Kirk Landers: Where we are now
| February 01, 2009 |
Where we are now
Last month, as all eyes were on the economic stimulus package being worked on by Congress and the incoming Obama Administration, Ken Orski published a summary of what the National Surface Transportation Infrastructure Financing Commission will offer in its final report to Congress in his Innovation Briefs newsletter.
The findings presented by Orski suggest that this commission’s report may be even more important to the highway infrastructure debate in America than the report filed last year by its sister commission, which performed an assessment of the country’s road and bridge needs.
Focused just on financing, the NSTIFC has spent some 20 months investigating and debating funding options for the national highway program. The committee is comprised of a full spectrum of political and industry interests. Its challenge is to find a consensus on how to solve the country’s growing problems with inadequate roads and bridges.
Perhaps the commission’s most important contribution to the debate over America’s roads is its position on alternative funding methods for the federal program.
The switch to more fuel-efficient vehicles last year when gas and diesel prices sky rocketed brought into question the long-term viability of the fuel tax as a primary funding mechanism for the road program. The Bush Administration and other conservative political interests used this argument to oppose a fuel tax increase, proposing instead a shift to other revenue sources.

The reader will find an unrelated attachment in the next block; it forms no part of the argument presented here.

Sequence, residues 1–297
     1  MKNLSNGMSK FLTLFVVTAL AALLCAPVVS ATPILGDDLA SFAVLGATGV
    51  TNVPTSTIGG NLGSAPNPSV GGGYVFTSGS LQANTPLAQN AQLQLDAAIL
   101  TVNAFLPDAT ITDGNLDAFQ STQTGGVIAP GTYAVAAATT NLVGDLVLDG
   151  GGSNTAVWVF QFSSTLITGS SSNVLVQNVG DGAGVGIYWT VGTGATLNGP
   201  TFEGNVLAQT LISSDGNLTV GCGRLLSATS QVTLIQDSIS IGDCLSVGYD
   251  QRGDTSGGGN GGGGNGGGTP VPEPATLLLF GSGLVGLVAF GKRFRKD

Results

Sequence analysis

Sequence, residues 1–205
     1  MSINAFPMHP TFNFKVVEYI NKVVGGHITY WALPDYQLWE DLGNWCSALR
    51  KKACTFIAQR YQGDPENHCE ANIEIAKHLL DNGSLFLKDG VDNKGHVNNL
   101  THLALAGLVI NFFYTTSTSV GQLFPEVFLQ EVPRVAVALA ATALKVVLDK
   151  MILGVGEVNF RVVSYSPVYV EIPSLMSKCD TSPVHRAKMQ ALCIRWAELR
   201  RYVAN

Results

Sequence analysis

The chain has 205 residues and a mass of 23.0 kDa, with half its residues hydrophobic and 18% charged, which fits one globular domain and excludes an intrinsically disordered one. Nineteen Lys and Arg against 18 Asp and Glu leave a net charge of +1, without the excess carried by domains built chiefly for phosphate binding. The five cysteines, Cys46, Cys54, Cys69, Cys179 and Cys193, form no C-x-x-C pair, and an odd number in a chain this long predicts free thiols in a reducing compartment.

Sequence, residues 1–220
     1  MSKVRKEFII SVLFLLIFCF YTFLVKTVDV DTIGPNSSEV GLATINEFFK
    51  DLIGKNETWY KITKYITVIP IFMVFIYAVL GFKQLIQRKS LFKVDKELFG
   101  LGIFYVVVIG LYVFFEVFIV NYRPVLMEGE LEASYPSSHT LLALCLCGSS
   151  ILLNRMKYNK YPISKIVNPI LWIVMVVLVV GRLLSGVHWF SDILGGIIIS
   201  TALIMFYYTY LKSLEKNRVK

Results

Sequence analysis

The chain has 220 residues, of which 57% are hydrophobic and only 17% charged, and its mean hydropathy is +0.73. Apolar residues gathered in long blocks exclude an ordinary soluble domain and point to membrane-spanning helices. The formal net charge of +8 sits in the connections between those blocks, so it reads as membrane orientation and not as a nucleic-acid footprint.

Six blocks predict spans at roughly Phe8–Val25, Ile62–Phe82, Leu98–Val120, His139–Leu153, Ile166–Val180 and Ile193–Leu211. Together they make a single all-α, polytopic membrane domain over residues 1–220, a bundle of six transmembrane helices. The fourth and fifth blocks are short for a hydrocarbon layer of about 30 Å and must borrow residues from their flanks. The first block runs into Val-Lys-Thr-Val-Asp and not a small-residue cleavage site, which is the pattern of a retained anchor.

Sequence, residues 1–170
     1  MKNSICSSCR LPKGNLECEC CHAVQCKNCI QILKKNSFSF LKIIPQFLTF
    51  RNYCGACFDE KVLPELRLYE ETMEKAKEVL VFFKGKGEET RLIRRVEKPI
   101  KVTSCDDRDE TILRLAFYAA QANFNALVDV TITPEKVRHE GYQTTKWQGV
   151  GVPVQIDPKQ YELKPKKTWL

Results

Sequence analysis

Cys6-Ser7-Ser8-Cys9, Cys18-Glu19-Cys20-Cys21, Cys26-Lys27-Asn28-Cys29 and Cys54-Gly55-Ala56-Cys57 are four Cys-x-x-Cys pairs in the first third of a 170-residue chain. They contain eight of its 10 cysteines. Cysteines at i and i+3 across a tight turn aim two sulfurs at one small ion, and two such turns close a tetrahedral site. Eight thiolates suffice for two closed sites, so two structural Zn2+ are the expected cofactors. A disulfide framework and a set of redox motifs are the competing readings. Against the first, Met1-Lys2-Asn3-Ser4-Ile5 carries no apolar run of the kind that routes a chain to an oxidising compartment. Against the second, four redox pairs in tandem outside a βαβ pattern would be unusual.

The commission reportedly will advise Congress that the future is a system in which motorists pay a vehicle-miles-traveled (VMT) charge, rather than a fuel tax. But the commission also will advise that such a system is one or two federal highway bills into the future.
For the short term — the program due to be enacted this fall, and perhaps the next highway bill after that — the commission will recommend expanding public-private initiatives, especially tolling, and a fuel tax increase of 10 cents-per-gallon on gasoline and 15 cents-per-gallon on diesel.
While the revenues generated by the new fuel taxes would fall well short of what many experts say the country needs to invest in its roads, they would add $20 billion a year to the federal program — a tremendous boost, even taking into account the run-up in materials prices over the past two years.
More importantly, the commission’s recommendations provide a bi-partisan agreement of experts that the fuel tax remains for now the single most important source of highway revenue, and that it must be increased in the next transportation act.
Also vital is the commission’s endorsement of VMT as the future — not current — basis for the user fees that support the construction and maintenance of our roads and bridges. This is vital because it establishes the need to begin the transition — presumably with funding for the development of the needed technology — and because it takes VMT off the table as an excuse to avoid dealing with today’s funding issues.